Checking That It's All Translatable | Caktus Group
Checking That It's All Translatable

When building a translated application, it's important to test that all of the text is going to be translated, but difficult to tell until the translation has been done. Until then, even when you switch languages you still see English everywhere. It's not until all the text that's been set up to be translated actually is that you can see the site in the other language, at which point the English messages stick out like a sore thumb. But that's usually very late in the process. How can we catch those errors earlier?

One trick that works surprisingly well is to do a "fake" translation. If you can programmatically modify your English text in a recognizable way and pretend that's your actual translation, when you run the site you can see the messages that have not been modified, and know they need to be marked for translation.

(I didn't come up with this idea, but saw it used in a previous job to great effect.)

Here's how I'm doing this for Django.

  1. Process the messages in the application to a .po file:

    python manage.py makemessages  -l en
    
  2. Run the fake translation tool, taking the English .po file as input and producing a .po file for another language as output:

    python fake_translate.py locale/en/LC_MESSAGES/django.po locale/ar/LC_MESSAGES/django.po
    
  3. Compile the new .po file:

    python manage.py compilemessages
    
  4. Run the site, switch to the "translated" language and look for untranslated strings:

    python manage.py runserver
    

We've skipped over the fake translation tool, so now let's see how we can build that. The strategy will be to read the English .po file, go through the messages and "translate" each one, then write a new .po file.:

#!/usr/bin/env python
# -*- python -*-

# Usage: python fake_translate.py inputfile.po outputfile.po

import sys

import polib

def translate(s):
    TBD

po = polib.pofile(sys.argv[1])
for entry in po:
    if entry.msgid_plural:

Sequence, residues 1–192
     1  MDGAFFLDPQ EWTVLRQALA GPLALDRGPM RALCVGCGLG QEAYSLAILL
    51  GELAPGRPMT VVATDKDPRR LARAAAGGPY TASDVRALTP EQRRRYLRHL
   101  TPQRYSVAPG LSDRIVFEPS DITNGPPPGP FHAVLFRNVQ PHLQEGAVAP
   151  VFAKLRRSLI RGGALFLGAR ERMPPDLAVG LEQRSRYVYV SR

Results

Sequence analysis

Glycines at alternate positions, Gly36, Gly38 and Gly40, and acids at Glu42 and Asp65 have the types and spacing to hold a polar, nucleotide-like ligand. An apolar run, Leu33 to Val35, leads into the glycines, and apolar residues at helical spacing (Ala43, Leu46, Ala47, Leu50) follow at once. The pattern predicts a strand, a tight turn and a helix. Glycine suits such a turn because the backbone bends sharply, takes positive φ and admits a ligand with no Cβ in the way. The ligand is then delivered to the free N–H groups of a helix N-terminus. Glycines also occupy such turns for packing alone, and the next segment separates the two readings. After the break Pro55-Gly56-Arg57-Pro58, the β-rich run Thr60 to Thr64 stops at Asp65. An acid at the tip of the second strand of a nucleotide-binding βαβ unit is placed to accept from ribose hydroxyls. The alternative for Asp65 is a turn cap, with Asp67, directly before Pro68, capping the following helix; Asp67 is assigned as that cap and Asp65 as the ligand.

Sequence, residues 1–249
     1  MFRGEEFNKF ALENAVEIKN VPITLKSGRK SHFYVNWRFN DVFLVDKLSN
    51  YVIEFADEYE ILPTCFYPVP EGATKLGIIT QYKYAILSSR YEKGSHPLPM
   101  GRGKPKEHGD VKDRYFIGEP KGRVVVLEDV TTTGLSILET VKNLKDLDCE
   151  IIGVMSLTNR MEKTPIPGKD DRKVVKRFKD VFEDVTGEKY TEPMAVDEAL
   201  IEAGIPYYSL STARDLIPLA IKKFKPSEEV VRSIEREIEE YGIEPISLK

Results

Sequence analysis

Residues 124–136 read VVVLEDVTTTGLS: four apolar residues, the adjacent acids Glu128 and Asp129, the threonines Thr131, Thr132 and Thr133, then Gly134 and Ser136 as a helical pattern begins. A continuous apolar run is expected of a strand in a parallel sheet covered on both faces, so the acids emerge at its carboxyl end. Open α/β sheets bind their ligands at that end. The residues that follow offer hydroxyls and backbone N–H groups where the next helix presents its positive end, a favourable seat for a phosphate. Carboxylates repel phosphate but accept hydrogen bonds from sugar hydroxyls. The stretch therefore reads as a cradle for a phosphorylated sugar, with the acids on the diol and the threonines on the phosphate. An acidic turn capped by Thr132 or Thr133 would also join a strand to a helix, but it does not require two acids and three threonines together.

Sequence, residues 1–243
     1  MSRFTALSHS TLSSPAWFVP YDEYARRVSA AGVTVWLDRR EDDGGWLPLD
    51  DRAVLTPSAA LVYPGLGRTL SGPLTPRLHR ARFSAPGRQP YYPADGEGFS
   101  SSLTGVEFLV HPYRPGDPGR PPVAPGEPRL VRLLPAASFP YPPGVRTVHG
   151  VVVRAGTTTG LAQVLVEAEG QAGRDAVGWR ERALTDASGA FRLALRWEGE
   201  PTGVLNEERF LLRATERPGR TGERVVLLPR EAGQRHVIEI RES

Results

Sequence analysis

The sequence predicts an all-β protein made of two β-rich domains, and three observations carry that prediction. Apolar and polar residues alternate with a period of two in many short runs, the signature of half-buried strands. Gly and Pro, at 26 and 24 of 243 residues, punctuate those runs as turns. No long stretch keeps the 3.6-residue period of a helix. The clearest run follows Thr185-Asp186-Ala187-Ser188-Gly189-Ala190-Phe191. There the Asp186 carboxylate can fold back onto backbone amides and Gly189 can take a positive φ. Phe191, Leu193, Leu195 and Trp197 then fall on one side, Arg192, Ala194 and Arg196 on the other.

entry.msgstr_plural = {
            0: translate(entry.msgid),
            1: translate(entry.msgid_plural),
        }
    elif entry.msgid:
        entry.msgstr = translate(entry.msgid)
po.save(sys.argv[2])

There's one Python package it depends on, polib, which handles reading and writing the .po files for us.

I won't go into the reason for the special handling of the plural case. If you're curious, you can read all about how .po files work here.

It just remains to decide how we will "translate" the messages. We want the messages to still be readable, but to mark them somehow as "translated". So this will almost do it:

def translate(s):
    return "**%s**" % s

This just puts "**" at the beginning and end of each message, which makes it easy to spot any text in the site that hasn't been "translated".

The only problem occurs if any messages have leading whitespace. compilemessages is smart enough to make sure that the translated messages still start with the same whitespace (to catch translation errors, presumably), and if we put "**" in front of the whitespace, it raises a fatal error. To preserve any leading whitespace, we end up with:

def translate(s):
    if s[0].isspace():
        return s[0] + translate(s[1:])
    return "**%s**" % s
Download Shipping Faster: Django Team Improvements
blog comments powered by Disqus